Chapter 10 - Reagan Combines U.S. Defense and Arms Control Strategies

defenses and was considered by Reagan and other critics as strategically dangerous in locking the superpowers (even if the Soviets complied) into the morally questionable and strategically destabilizing MAD doctrine of mutual nuclear terror. MAD, in turn, prevented the deterrence and defense required to protect against Soviet cheating and global proliferation.

Vietnam Defeat and Syndrome. Also troubling to Reagan was the Vietnam Peace Agreement of 1973, under which all U.S. military forces rapidly withdrew as the Democratic Party-led U.S. Congress ended all future U.S. combat roles and decimated U.S. economic and military assistance to its South Vietnamese allies while the Soviet Union and the Peoples Republic of China violated the agreement (see Chapter 5). The resulting, rapidly growing force asymmetries enabled North Vietnam to launch a full-scale 17-division invasion in March 1975 that marked a total break-out from the Agreement, overran weakened South Vietnamese forces lacking sufficient ammunition and fuel, and brought a Communist victory. Soon Cambodia and Laos fell as well. Reagan understood the U.S. failure and Communist victories as marking a turning point in the Cold War that set in motion a U.S. “Vietnam Syndrome” of retreat and contributed to a “domino” series of U.S. international setbacks while the Soviet Union and its proxies stepped up their imperial activities throughout the globe, including in Central America, Africa, and South Asia.

Ford and Carter. Reagan’s 1976 national security challenge to President Ford focused on the Ford administration’s failure to press the Soviet Union hard on human rights, arms build-ups, and aggressive overseas actions (see Chapter 5). At the same time, Reagan was concerned about Ford’s closure of the permitted U.S. ABM deployment site, insufficient U.S. defense investments, and the flawed Vladivostok Framework Agreement of 1975 on strategic arms. Concerning President Jimmy Carter, (whose Cold War strategy is reviewed in Chapter 6), Reagan described Carter’s SALT II strategic arms proposal as fatally flawed and he sharply criticized Carter’s cuts and cancellation of major U.S. defense programs that senior U.S. military and Congressional figures described as leading to “hollow” forces. Among other critiques of Carter, Reagan objected to Carter’s proposal to remove U.S. forces from South Korea, his “neutron” weapon policy, drawdowns of U.S. intelligence capabilities, Iran policy failures, and weak response to Soviet military actions in Cuba and to the Soviet invasion of Afghanistan.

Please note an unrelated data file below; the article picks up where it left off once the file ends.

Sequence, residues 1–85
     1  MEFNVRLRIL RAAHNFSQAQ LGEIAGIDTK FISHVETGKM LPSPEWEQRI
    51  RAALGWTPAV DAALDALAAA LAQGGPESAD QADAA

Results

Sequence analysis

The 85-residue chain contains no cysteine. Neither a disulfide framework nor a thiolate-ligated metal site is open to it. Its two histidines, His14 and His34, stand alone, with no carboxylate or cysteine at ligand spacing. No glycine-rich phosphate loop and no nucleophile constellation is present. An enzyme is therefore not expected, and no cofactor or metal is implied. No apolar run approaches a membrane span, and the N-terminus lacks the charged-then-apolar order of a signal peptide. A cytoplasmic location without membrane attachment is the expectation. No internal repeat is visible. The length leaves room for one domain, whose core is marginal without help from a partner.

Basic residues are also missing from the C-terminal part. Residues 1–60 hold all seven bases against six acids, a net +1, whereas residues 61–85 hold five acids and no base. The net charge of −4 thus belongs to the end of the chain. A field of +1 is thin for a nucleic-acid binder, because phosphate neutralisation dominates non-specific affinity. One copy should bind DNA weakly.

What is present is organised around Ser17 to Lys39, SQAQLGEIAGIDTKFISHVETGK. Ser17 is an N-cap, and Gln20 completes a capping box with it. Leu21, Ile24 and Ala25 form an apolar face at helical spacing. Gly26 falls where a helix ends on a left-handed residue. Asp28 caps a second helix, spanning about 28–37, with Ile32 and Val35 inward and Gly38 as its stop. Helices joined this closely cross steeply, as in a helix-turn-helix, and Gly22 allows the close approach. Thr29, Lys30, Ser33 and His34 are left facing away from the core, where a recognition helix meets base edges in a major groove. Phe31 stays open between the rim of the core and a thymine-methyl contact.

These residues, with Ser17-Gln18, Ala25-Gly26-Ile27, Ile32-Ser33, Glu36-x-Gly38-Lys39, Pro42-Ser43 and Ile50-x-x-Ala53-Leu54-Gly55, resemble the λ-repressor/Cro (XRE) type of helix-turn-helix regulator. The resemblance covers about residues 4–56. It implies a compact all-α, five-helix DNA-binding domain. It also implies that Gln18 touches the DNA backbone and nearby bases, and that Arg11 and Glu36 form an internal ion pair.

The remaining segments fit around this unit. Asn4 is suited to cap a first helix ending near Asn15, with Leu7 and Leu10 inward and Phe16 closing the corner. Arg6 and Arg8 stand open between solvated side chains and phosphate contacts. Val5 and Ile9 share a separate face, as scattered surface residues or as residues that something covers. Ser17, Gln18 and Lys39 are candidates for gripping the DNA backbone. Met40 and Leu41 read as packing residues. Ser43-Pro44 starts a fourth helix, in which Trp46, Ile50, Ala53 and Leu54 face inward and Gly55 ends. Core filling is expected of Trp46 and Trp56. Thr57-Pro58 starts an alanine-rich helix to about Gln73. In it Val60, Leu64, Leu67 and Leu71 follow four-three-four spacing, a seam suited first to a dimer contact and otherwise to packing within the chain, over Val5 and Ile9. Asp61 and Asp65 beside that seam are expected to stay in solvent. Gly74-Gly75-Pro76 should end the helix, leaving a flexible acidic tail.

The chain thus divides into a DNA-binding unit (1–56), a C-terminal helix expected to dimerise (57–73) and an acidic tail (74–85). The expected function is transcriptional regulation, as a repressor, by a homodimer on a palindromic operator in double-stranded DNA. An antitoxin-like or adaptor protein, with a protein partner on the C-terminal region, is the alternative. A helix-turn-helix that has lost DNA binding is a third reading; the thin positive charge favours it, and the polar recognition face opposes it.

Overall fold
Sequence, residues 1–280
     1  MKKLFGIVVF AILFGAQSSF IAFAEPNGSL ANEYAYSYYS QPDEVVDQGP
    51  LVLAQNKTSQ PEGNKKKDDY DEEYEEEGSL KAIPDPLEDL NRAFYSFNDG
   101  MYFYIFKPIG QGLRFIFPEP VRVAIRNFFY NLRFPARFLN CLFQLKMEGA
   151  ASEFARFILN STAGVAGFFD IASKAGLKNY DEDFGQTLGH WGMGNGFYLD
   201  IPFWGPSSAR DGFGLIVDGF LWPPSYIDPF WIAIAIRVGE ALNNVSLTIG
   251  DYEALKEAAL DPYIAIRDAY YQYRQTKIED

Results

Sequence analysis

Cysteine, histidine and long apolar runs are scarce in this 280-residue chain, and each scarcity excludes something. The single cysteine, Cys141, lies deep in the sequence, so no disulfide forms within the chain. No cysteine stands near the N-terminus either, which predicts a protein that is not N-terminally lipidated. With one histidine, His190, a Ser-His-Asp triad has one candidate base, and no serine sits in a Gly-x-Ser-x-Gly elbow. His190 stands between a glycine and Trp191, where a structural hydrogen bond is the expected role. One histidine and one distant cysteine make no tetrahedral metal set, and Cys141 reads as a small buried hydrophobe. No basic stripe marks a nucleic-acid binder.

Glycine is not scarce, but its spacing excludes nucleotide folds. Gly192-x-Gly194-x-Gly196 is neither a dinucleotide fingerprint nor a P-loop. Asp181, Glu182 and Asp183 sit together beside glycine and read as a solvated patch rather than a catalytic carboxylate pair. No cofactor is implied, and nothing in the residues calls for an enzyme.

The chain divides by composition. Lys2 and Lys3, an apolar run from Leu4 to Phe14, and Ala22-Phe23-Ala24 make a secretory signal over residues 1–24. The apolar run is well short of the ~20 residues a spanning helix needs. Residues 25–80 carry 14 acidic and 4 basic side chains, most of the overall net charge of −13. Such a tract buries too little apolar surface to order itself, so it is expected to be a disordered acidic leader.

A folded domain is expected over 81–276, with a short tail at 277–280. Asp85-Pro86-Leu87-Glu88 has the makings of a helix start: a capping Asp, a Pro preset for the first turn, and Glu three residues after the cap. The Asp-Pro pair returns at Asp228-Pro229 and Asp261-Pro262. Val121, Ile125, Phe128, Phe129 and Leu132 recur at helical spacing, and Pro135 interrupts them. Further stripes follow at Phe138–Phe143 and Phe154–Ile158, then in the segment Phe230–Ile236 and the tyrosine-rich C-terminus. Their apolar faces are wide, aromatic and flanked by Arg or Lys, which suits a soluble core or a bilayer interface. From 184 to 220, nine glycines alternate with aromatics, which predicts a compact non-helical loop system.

Coalitions, Catalysts, and Strategies. As reviewed in Chapter 6 on President Carter and Chapter 7 on Reagan’s 1980 presidential campaign, a new bi- and non-partisan coalition of policy institutes and individual experts rose in the mid-1970s as catalysts determined to change the demonstrably faltering U.S. defense, arms control, and related national security policies of the 1970s U.S. “détente” strategy. Often clustered around the Democrat Senator, Henry “Scoop” Jackson, and the Republican, Ronald Reagan, a coalition formed that included drafters of the Team B” Report of 1976, and members of the Committee on the Present Danger, the Heritage Foundation, the American Security Councils “Coalition for Peace Through Strength,” and other influential organizations reviewed in Chapter six.

Heritage and Tower Proposals. An influential report was the 1980 Heritage Mandate for Leadership whose Chapter 3 on the Department of Defense was co-written by the author of this book and a group of experts working on Congressional staffs and in policy institutes. This analysis was one of those that provided Reagan, his transition teams, interested candidates, the Congress, the policy community, and media, exceptional details on the dangerous U.S. defense decline from Nixon to Carter and recommendations on what should be done. Senator John Tower’s Defense Supplemental—1981 was another important text.

A Winning Cold War Strategy. Together, such individuals, organizations, and studies within the broader Reagan coalition convincingly presented the existential Soviet threat and urged a rebuilding of U.S. military, economic, and diplomatic strengths as well as a far stronger overall U.S. Cold War strategy. Chapter 8 outlines Reagan’s new “grand strategy” for the Cold War as it developed on this bipartisan basis during his 1980 campaign and was established early in his first term. Chapter 8 reviews Reagan’s organization of the NSC and a series of NSC strategy documents culminating in NSDD 75—U.S.-USSR, a Reagan directive that was completed in December 1982 and approved in January 1983. This book’s succeeding topical chapters in Parts III and IV review the key elements of the Reagan strategy that collapsed Soviet ideology and power to win the Cold War without superpower war.

[Book pg. 219]